From: Arno Schmitt (email@example.com)
Date: Wed Jul 14 2010 - 01:46:27 CDT
The marks in the Arabic bloc are not well organized;
they belong to eleven mark classes, eight for marks above the base character, three for marks below.
In Unicode logic marks within a class with a lower number should be closer to the base character than those within a class with a higher number. So kasratan (mark class 29) should be closer to the base character than kasra and small kasra (mark class 32), and all of these should be closer to the base character than all other marks below (mark class 220).
As anybody familiar with the Arabic script knows, this is not the case.
Should we try to remedy this?
Is there any software that uses the mark classes directly?
Let's look at the position of all the marks irrespective for their current Unicode mark class.
Closest to the skeleton letter come the diacritical dots which modify the value of the letter. In Unicode -- as in modern Arabic -- these dots are considered part of the base character (therefore hundreds of characters have to be encoded instead of about twenty letters plus about twenty diacritics).
Next come the signs that modify the pronunciation of the letter.
Small high seen (06DC) and small low seen (06E3) belong clearly to this category: they tell the reader NOT to pronounce the sad that is written, but to pronounce a seen instead.
Hamza above (0654) and hamza below (0655) belong to that category: they tell the reader that the vowel letter is not to be pronounced as a vowel but is a carrier of hamza -- here one has to keep in mind that the letter hamza (0621) did at first not belong to the Arabic script; originally hamza was not written or (more often) was written by a vowel [or maybe in the pronunciation written there was no hamza where one is spoken today].
Small high meem (06E2) and small low meem (06ED) [Unicode names are unsystematic: "hamza below" but "low seen," "hamza above" but "high meem"]. In most editions of the Koran in the Arab world the vowelless noon [nŻn s‚kin] is written only with the high meem, so it is the nearest sign to the noon by default; in Turkey and Iran this noon normally has a sukŻn or jazm, but no small meem; in the East the rule pronunication-aide-closer-than-vowel-sign (see below) is applied.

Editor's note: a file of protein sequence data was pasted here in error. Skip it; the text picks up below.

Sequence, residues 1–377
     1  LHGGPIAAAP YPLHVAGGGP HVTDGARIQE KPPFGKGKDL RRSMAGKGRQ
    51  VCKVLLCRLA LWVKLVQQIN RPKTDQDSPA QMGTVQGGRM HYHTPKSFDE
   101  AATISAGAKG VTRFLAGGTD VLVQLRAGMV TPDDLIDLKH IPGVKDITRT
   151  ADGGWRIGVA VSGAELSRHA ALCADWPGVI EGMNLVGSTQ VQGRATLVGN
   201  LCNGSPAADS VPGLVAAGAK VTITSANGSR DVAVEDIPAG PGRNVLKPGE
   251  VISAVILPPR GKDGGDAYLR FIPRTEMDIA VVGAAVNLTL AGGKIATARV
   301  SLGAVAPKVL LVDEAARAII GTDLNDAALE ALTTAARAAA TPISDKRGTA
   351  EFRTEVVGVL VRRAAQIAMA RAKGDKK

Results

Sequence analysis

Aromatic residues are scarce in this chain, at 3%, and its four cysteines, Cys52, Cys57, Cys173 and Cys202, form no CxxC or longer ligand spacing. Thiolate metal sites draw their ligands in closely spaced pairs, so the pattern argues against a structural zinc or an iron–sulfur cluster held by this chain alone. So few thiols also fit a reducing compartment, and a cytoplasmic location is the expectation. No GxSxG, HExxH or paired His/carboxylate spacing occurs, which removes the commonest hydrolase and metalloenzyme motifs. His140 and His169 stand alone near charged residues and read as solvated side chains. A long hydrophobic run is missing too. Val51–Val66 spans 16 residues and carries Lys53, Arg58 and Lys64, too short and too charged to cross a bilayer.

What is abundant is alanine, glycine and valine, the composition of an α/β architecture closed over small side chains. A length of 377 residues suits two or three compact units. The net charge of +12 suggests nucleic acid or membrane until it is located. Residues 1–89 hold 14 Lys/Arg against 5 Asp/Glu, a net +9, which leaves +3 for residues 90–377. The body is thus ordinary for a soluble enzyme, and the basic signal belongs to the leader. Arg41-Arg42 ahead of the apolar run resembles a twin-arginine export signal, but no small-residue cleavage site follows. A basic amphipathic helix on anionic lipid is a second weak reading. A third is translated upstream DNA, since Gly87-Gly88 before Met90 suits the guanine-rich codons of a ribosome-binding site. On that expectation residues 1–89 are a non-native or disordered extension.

Small high rounded zero (06DE), small high upright rectangular zero (06DF) and the wasla sign (at present only as part of U+0671) are pronunciation modifiers too: they tell the reader that the letter is (sometimes) silent, and they sit very close to the letter.
Next comes the shadda,
then the vowel signs. I don't see any good reason why fatha (0618 + 863E) and damma (0619 + 064F), sukun (0652) and head of kha (06E1) are put into to different mark classes. I think even fathatan (054B) and dammatan (O64C) should be in the same class, but that is less clear cut; without any doubt they come after the shadda and before the koranic pause signs, but -- just as Hebrew waw and shin attract preceding and following holam -- one can argue that a following upright alif attracts fathatan and dammatan i.e. up and/or to the left, but this is not always the case, and even when it happens, it is not a sufficient reason for not putting them into the same marks class as the other vowel signs above.
While putting some vowel signs into different mark class, is unelegant and inefficient, but does no great harm, some vowel signs are put into mark class 230, the generic far above class: head of kha (06E1) and inverted damma (0657) are no different from sukun and damma -- and superscript alif (0670) which is according to Unicode "actually a vowel sign" has its proper place together with the rest of the vowel signs.
Likewise below: after the -- uncounted -- diacritic dots come the vowel signs: kasra, kasratan and subscript alif (the first two in marks class 32 and 29, the last in the generic below class 220).
Next come -- in the Ottoman tradition only -- the pronunciation aides below the letter. In most cases they occurs directly below a letter that has a vowel sign above, but in the few cases with a kasra they sit below the vowel sign. I would class the Ottoman pause sign skth -- which sits in South Asia on the base line between two words and is a normal (i.e. high sitting) pause sign in Q24 -- together with the Ottoman pronunciation aides, as it is half a pause sign and half a pronunciation aide: it asks for the shortest of pauses, just enough to prevent assimilation.
Then -- highest above the letter -- come the pause signs.
I ignored the madda sign, because it is not the same sign in Standard Arabic and in Koranic Arabic.
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